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Cecilia Pappas

Now Making Memories

Holy Name Cancer Center - Cecilia Pappas

At 76, Cecilia Pappas has been through a lot – intense, challenging times that might have made others give up. She didn't, and now she's living a fulfilling life even though she has ovarian cancer, a disease that only a decade ago probably would have killed her quickly.

It's been nearly four years since Cecilia ended up in a Bergen County pharmacy parking lot, miles away from her destination, unconscious in her car in the middle of the day. She doesn't remember driving there or stopping, but she knows a stranger saw her and called police. She credits the unknown Good Samaritan with saving her life that October day in 2015.

Emergency workers brought her to a hospital near where she was found. She had a 107-degree fever and slipped into a coma for four days. Doctors told Cecilia's children she might not survive. It seemed she had an abscess in her small intestine that was infected and she had developed sepsis, a potentially life-threatening reaction to the infection.

Yet this condition may have saved Cecilia's life. It was during the surgery to treat her that physicians found ovarian cancer cells.

Once she learned of her diagnosis, Cecilia knew she wanted to come to Holy Name, where she had been born and returned whenever she needed medical care – a colon resection, knee replacement and colonoscopies, among other procedures. Cecilia met with Dr. Sharyn Lewin, the Medical Director of Gynecologic Oncology and nationally known for her expertise in all gynecologic cancers.

Dr. Lewin performed her procedure, which as with other ovarian cancer surgeries was complicated because the surgeon must find every visible sign of the disease. Dr. Lewin, who advocates on a national level for examining the entire abdomen when treating ovarian cancer, made sure no cancer cells could be detected in nearby organs or on Cecilia's abdominal wall.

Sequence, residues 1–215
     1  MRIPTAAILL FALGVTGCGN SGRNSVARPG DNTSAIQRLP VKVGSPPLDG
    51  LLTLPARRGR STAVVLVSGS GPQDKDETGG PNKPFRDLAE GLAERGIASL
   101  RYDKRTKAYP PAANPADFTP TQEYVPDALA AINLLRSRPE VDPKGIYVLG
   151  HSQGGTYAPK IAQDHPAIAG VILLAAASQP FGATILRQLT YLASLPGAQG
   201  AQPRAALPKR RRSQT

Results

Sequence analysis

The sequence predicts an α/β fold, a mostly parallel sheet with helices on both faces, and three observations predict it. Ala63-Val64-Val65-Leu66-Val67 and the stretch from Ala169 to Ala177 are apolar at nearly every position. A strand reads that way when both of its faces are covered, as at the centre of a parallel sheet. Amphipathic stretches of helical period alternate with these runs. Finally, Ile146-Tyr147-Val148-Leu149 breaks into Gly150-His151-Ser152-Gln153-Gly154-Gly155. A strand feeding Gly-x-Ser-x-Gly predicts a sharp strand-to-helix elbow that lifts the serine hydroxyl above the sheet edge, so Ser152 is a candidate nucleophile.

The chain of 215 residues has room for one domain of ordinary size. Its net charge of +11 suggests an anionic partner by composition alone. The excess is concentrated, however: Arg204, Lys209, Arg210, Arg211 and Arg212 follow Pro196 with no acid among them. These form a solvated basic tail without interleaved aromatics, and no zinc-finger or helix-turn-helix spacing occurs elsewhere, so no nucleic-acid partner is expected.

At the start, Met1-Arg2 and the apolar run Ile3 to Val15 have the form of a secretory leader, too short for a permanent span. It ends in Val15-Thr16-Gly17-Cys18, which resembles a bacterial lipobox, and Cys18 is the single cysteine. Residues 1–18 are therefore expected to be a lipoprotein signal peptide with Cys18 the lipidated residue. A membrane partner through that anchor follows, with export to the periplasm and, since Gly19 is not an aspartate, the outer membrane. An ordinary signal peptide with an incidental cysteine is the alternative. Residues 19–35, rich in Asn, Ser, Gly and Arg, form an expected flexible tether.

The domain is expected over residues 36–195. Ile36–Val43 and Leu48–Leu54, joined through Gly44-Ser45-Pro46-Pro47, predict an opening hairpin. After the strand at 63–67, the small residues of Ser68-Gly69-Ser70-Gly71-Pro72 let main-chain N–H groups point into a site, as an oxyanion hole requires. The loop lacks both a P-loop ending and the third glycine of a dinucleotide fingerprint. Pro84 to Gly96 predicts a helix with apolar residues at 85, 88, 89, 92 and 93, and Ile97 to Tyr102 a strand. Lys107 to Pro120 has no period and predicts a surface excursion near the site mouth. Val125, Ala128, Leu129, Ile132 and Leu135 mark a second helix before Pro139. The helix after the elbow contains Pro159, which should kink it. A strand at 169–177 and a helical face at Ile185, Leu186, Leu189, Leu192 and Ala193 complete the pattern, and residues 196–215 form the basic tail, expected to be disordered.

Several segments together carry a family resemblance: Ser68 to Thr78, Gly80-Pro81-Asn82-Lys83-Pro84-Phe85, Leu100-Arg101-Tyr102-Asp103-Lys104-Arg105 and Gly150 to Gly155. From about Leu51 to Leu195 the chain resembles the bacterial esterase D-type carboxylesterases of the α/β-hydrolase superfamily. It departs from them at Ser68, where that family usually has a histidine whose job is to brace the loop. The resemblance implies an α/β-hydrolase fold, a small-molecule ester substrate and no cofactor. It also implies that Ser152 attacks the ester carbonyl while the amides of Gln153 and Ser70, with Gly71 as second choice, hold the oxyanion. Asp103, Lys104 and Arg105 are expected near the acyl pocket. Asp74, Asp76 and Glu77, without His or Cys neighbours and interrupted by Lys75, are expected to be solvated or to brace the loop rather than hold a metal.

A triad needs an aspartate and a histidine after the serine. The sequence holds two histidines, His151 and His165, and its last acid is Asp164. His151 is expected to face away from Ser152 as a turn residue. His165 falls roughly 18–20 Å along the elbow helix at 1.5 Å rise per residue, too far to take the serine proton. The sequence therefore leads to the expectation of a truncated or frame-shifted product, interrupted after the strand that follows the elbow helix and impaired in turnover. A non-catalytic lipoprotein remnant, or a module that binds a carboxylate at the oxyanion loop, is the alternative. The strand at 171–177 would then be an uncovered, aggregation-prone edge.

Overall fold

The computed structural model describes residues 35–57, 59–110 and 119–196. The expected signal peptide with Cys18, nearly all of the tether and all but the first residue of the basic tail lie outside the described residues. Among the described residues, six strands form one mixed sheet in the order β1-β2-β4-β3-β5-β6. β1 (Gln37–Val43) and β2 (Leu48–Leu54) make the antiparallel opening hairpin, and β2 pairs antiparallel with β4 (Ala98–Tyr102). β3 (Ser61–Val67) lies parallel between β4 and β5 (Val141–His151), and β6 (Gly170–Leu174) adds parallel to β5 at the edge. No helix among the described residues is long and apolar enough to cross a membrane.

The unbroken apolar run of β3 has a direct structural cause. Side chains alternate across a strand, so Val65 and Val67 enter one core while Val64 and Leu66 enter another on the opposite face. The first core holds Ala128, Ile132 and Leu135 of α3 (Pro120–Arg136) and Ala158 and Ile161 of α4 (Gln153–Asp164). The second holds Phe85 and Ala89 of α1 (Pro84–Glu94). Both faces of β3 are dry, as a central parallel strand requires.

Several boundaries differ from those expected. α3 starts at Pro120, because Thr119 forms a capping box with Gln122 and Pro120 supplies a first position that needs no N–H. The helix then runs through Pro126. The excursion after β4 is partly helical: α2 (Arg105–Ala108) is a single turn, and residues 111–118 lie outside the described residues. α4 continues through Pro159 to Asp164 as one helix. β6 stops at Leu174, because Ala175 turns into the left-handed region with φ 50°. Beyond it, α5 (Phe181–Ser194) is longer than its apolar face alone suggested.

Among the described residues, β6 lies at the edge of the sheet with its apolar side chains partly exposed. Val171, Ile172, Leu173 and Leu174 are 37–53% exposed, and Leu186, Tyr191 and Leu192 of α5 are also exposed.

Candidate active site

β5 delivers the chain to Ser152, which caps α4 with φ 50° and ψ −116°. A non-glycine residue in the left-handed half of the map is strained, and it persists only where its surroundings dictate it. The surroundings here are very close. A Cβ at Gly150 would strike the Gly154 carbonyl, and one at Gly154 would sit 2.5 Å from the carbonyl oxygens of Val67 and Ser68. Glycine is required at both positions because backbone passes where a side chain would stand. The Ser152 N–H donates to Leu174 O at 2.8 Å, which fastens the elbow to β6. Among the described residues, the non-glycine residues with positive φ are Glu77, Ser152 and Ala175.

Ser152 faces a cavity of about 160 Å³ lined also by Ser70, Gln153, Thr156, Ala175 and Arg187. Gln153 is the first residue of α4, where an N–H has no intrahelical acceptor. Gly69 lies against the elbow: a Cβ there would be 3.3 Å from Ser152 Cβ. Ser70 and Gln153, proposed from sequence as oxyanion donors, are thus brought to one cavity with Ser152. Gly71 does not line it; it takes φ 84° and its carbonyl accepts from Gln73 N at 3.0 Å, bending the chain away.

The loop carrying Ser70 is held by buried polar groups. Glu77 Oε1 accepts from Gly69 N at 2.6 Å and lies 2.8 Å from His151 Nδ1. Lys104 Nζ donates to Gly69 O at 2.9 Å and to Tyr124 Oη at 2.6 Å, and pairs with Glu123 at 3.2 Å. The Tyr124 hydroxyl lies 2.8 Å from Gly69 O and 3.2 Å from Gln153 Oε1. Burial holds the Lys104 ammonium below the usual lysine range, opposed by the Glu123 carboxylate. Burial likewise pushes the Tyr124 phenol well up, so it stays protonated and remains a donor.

"Dr. Lewin was generally positive about it and said the disease could be managed," Cecilia said. "Treatment has advanced in the last few years and this made such a difference – I felt hopeful. I also went to a support group at Holy Name and saw women who had many recurrences and are still here. One woman had ovarian cancer 12 years ago and now she's cancer free. My faith is strong and I am hoping to make it to 90."

Having faith and a good attitude is essential, Cecilia said. She married her husband in 2003 and two years later, he was diagnosed with amyotrophic lateral sclerosis (ALS), what is still commonly referred to as Lou Gehrig's disease. It is always fatal but her husband "believed everyone gets a cross at some point" and made the best of it. They continued to vacation at Lake George throughout his illness, going on the beach in a wheelchair when he could no longer walk. He died only two months prior to Cecilia's diagnosis.

"Attitude makes all the difference," Cecilia said. "And being grateful. My children who live in the area check in with me. My daughter who lives near Pennsylvania makes me dinners, freezes and brings them for days when I'm not up to cooking – it's the best gift ever. I have friends who take me for errands when I can't drive. I'm very lucky to have such caring family and friends."

Cecilia has had two recurrences but she's gone into remission after treatment each time. She bounces back and enjoys holidays with her family, continuing to make new memories and treasuring precious moments.

"And being at Holy Name has been such a blessing," Cecilia said. "They have a car service to bring me for treatment, which makes all the difference – I don't have to ask people who are already bending over backwards for me. And when you enter the hospital, people know who you are. They are so warm and receptive. It's not just their job. Even when you're getting radiation – they want to make sure you're comfortable, bringing me a blanket or a pillow when I need one. If you have to have a disease like this, Holy Name makes it so much better."

Learn more about Cecilia Pappas's gynecologic oncology doctor today